The Foreign Ministers reaffirmed cooperative relations between Japan and Australia, which have been playing a leading role in the area of nuclear disarmament and non-proliferation. These include the Foreign Ministers' Meeting on Nuclear Disarmament and Non-Proliferation that Japan and Australia co-hosted in September 2010. They released a joint statement (see attached) for the purpose of further enhancing such relations. The Ministers were in agreement to promptly coordinate their schedule so as to hold the 2nd Foreign Ministers' Meeting on Nuclear Disarmament and Non-Proliferation next spring in Berlin.
b) North Korea
Minister Maehara explained discussions he had with Mr. Stephen Bosworth, US Special Representative for North Korea, concerning North Korea's uranium enrichment activities, adding that careful responses were required. The Foreign Ministers, based on the understanding that the situation was serious, shared grave concerns, agreeing that Japan and Australia would continue to coordinate with each other while maintaining close consultations with the United States. They also agreed that it would be desirable for China to play a larger role in relations with North Korea.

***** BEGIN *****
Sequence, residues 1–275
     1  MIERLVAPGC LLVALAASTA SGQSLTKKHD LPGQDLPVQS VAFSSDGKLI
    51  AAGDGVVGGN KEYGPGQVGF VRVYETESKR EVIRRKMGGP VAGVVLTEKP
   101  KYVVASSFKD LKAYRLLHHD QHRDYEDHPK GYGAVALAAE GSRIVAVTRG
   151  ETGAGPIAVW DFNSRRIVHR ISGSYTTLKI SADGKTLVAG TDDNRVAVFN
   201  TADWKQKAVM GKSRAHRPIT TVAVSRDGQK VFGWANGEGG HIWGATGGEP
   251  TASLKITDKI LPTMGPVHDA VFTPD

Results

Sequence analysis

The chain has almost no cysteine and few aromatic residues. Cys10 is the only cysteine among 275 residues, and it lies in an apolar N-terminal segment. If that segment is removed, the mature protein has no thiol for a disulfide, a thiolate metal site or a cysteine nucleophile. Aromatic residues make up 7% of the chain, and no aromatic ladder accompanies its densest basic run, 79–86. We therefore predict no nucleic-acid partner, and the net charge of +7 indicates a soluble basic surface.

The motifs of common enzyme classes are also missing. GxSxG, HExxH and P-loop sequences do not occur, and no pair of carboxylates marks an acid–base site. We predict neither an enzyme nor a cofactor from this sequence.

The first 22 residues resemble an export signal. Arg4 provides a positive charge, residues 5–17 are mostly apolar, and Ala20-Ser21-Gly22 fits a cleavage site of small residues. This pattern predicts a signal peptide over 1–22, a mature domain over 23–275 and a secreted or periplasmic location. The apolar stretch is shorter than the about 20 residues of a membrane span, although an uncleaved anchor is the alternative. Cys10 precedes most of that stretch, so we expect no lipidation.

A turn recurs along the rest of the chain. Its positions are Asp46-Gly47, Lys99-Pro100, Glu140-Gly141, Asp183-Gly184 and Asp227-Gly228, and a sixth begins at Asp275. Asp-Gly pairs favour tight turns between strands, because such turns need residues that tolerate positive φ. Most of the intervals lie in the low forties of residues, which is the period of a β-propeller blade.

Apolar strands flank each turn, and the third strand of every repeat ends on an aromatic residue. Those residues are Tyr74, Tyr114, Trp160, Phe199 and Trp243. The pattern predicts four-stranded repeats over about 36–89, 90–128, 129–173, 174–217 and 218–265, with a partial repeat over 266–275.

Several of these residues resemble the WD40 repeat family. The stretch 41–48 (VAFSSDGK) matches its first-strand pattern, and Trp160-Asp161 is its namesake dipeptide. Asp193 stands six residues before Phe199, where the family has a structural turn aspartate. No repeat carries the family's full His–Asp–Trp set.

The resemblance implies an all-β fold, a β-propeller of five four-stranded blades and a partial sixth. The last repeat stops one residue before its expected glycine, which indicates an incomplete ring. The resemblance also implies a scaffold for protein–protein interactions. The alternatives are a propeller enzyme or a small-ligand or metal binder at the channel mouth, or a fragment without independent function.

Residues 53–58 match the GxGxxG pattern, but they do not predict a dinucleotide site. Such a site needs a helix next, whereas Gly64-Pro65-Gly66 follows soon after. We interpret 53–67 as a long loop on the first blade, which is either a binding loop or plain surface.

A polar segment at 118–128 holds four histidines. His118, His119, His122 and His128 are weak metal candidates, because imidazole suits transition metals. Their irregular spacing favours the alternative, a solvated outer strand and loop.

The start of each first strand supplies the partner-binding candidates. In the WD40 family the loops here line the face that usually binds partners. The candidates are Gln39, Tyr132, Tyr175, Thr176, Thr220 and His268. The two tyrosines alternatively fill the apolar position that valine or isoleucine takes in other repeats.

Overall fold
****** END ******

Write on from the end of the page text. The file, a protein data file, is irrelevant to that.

Regarding North Korea's artillery attack against Yeonpyeong Island that had occurred just prior to their evening meeting, both Foreign Ministers, receiving factual reports as they came in during the meeting, agreed that upon further confirmation of facts, they would respond to the incident in coordination with the ROK and other countries concerned.
Foreign Minister Rudd explained Australia's policy toward Fiji, including its refusal to recognize the current administration, which was inaugurated in a coup. In response, Minister Maehara stated that he had invited Mr. Ratu Inoke Kubuabola, Minister for Foreign Affairs, International Co-operation and Civil Aviation of the Republic of the Fiji Islands, to convey a strong message signaling the need for democratization when he visited Japan to attend a PALM Ministerial Interim Meeting in October. Minister Maehara explained to Minister Rudd that Japan considered that it was important to urge Fiji to hold free and fair general elections by 2014. The Foreign Ministers agreed on the importance of exchanging views on the democratization issue of Fiji with the United States and New Zealand, and decided to bring up the issue at the Ministerial Meeting of the Trilateral Strategic Dialogue (TSD) planned to be held next year.
3. Meeting with Minister for Defence Stephen Smith (Approx. 15 minutes from 15:30)
Minister Maehara and Minister Smith confirmed their intention to convene Japan-Australia Joint Foreign and Defense Ministerial Consultations next year and agreed to reinforce Japan-Australia security cooperation.
4. Courtesy Call on Prime Minister Julia Gillard (Approx. 30 minutes from 15:45, in Foreign Minister Rudd's attendance)